The School Cadets

It was in my early years of high school that I joined the army’s unit of cadets. My mate, Peter, who was a year ahead of me and lived some six doors down the street was keen to join and my mother believed that to do so would be to my benefit.

Once a week we would dress in our military uniforms and not only carry our cases to school, but our ‘303’ rifles — minus their respective bolts and magazines — in order to practice our marching and drills, after classes had officially finished, for a period of about an hour.

One lad, whose surname was that of West, could not tell his left from his right and so we would urge him to be at the front of the march where he would invariably hesitate and cause confusion when the order was given to turn, especially when his decision was the incorrect one.

Each year, in mid-winter, we were sent on a camp that was situated out in the country. The initial one marked the first time that I had been away from home of my own volition.

Upon our arrival at the camp one of the first things we were ordered to do was to strip naked, don nothing more than a greatcoat, and join a long queue for what ostensibly was a physical inspection. When it was my turn to be perused by the seated gentleman I was asked the question that I imagine no teenage boy should or would want to hear, and certainly one I have not forgotten: “Has it always been that small?”

Mind you! It was so cold, that even the proverbial brass monkeys were in hiding.

At least I didn’t desire the need of one poor fellow who wore his swimming costume into the shower only to have a group of eager youths suspect that he possessed something that he did not want others to see and once the covering was involuntarily removed and he was taunted mercilessly, my personal feeling of inadequacy did dissipate somewhat.

The toilets provided for use were an absolute disgrace. They appeared to have never been cleaned as dried faeces were encrusted to the wooden seats. In fact, for the entire two weeks of that first camp I refrained from passing a motion.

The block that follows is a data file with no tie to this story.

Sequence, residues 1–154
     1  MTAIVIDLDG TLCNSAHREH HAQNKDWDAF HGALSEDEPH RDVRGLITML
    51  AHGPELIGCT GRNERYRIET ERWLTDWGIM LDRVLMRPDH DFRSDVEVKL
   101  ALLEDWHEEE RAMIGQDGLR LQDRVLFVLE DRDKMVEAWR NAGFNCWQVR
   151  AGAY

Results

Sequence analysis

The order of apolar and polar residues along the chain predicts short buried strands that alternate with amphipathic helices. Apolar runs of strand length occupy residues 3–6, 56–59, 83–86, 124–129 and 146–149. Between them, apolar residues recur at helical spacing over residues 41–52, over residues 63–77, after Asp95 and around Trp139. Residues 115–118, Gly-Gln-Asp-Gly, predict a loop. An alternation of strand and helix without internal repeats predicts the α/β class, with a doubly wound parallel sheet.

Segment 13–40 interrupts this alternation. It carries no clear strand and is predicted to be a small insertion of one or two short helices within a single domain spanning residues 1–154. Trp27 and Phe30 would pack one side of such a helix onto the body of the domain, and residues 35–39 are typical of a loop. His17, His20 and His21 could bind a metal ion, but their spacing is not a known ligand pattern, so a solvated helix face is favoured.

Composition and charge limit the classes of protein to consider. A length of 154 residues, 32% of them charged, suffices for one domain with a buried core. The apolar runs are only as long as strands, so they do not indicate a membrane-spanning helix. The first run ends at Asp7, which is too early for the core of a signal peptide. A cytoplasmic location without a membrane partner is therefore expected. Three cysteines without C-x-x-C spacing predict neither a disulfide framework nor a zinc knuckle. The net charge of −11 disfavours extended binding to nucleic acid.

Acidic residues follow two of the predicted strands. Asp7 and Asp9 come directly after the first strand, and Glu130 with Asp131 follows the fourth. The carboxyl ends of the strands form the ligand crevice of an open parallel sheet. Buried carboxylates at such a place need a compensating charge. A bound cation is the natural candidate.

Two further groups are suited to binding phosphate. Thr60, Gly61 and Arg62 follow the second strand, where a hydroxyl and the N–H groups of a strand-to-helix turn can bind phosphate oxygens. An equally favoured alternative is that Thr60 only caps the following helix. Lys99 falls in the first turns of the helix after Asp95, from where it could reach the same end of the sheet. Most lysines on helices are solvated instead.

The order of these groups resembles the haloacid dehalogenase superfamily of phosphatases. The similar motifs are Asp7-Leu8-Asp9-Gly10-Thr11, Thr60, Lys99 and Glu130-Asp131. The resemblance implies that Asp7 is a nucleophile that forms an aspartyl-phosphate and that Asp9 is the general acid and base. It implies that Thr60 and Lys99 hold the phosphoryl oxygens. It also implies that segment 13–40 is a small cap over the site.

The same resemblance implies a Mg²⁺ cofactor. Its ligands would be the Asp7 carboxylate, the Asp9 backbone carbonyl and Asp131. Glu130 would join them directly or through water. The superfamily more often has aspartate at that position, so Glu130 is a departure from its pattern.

A year later, I found them to be in the same shameful state and, therefore, attempted to do the same only to fall ill and lie to the doctor when he asked if I had been using the facilities.

We were housed, six to a tent, on stretchers and each day began at 6.00 a.m. to the sound of reveille. At which time we would immediately have to present ourselves outside our respective tents.

One boy, in his wisdom, had brought a hunting knife to the camp and in our spare time we would play a game that involved its usage. Making sure that our boots and gaiters were worn, two of us would stand facing each other, about a yard and a half apart and with our feet placed together.

The idea was to throw the knife so that its point either entered the ground or left its mark on its surface, but not more than a foot from either of one’s opponent’s feet. A successful throw would mean that the opponent would then move that foot out to the mark. The procedure would continue, in this vein, until one person could no longer keep their balance or extend a foot to the most recent mark.

We were transported into the bush en masse where a bivouac was to be staged, however, it was a day when rain fell heavily and the whole exercise was abandoned, for we were drenched to the skin before our makeshift tents could be erected.

Another day found us at the range where we were to shoot at a target of paper that had been pinned to a construction of hessian twenty-five yard distant from where we were each ordered to lay down on a bag of sand. We had been warned that the 303 possessed ninety-three pounds of ‘kick’ and after we had ceased firing the smallest boy in our unit was no longer positioned on his bag.

Beyond the targets was a sloping earthen mound topped by a wall of concrete. Somehow, one of the lads had managed to fire and hit this wall and I distinctly recall hearing the bullet ricochet back over our heads.

I was chuffed that one of my bullets had, indeed, scored a bullseye! However, Peter, who had been firing from a couple of yards to my left, poured cold water on this by claiming that I had been aiming at his target and he, mine.

We had also been told not to ‘palm’ the rifle’s bolt for to do so could damage a sensitive nerve in one’s hand. There was also the instruction to make sure that the rifle’s butt was firmly placed in the fleshy part of one’s shoulder, just below the collar bone.

I must say that seeing the size of the rifle’s bullet really surprised me as I had expected one to be more akin to that used in my father’s former ’22’ rifle that he had owned several years before.